This fosters engagement with material and can contribute to reaching a state of flow. Flow is a mental state first recognized by Mihály Csíkszentmihályi. It’s described as a highly focused state of mind and often referred to as being ‘in the zone’. In such a state of immersion, learning new material feels intrinsically satisfying and fosters further interest.
Creating Environments Top-down
We can do more than just acknowledging the value of this universal—and occasional—experience. We can actually harness it. In fact, many businesses have already embraced the history lesson.
Companies like Yahoo, Google, and Facebook try engineering serendipity in the workplace. Their goal is to foster a work environment that leads to more innovation due to chance encounters. One common technique is designing office spaces where chance encounters and conversations with colleagues are likely to occur.
Librarians and library researchers are also aware of the value that new discoveries play in patrons’ visits, and are concerned with maintaining features of libraries that enable serendipitous experiences. Unlike the interpersonal connections sought by businesses, they primarily consider browsing activities. As Bohyun Kim, the Digital Access Librarian at Florida International University Medical Library says:
The library book stacks as high as the walls filling up the whole floor generate the sense of awe and adventure… When our sensory organs are engaged this way, we do not experience the boredom and tediousness that we usually feel when we scroll up and down a very long list of databases and journals on a library web page… attention is present and focused on that physicality. So much so that we even forget that we were there to find a certain book or to work on a certain research topic. It is often at these moments that we serendipitously stumble upon something relevant to what we were looking for but have forgotten to do so.
With increased digitization, there may be less chance to uncover inspiring new information by browsing library collections. Again, Bohyun Kim notes:
what is essential to efficient browsing boils down to how easily (i) we can scan through many different books (or information units such as a report or an article) quickly and effectively and (ii) zoom in/out and switch between the macro level (subjects, data types, databases, journals, etc) and the micro level (individual books, articles, photographs, etc. and their content). If libraries can succeed in designing and offering such interfaces for digital information consumption and manipulation, the serendipitous discovery and the efficient browsing in the digital library environment can not only match but even exceed that in the physical library book-stacks.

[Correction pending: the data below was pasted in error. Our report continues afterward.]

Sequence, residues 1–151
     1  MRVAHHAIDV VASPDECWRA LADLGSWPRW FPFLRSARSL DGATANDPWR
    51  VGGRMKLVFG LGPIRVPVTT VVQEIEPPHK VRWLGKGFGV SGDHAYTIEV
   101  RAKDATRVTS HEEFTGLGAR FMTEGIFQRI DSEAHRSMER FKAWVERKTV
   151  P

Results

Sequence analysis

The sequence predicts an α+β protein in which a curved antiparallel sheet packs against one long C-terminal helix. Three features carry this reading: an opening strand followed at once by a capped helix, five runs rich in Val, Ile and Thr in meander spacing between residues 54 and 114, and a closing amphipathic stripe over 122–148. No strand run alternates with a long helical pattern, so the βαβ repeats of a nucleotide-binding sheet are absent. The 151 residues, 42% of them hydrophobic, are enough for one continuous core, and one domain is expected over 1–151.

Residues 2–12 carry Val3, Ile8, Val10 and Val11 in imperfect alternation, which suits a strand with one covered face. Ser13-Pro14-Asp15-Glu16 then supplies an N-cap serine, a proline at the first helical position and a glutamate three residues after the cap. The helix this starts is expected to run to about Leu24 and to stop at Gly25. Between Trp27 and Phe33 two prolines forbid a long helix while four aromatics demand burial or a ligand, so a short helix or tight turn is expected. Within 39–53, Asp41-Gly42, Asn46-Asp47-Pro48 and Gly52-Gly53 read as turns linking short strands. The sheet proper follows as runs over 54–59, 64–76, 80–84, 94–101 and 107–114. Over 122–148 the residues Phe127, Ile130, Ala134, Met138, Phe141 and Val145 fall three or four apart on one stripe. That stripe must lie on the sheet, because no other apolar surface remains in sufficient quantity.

Some search tools are actually designed to imitate this experience:
The DPLA Bookshelf.
The experimental WebGL Bookcase.
The Project Blacklight framework for institutional platforms, used by several universities.
Elements of Serendipity
Although institutions focus primarily on creating environments for people, there is more to a serendipitous experience. It requires personal engagement. As individuals, we can actively seek serendipity. First, it’s important to break down our understanding of serendipity in a systematic way. This will help us create our own opportunities.
In The Art of Recognising and Fostering Unexpected Potential – A Systemic Approach to Change, James Lawley and Penny Tompkins propose a perceptual model of serendipity. In this model, 6 components are necessary for a successful serendipitous experience.
‘E’ is the event which, with hindsight, proves to be serendipitous. E-1 is a time before E, E+1 is a time after E, and so on.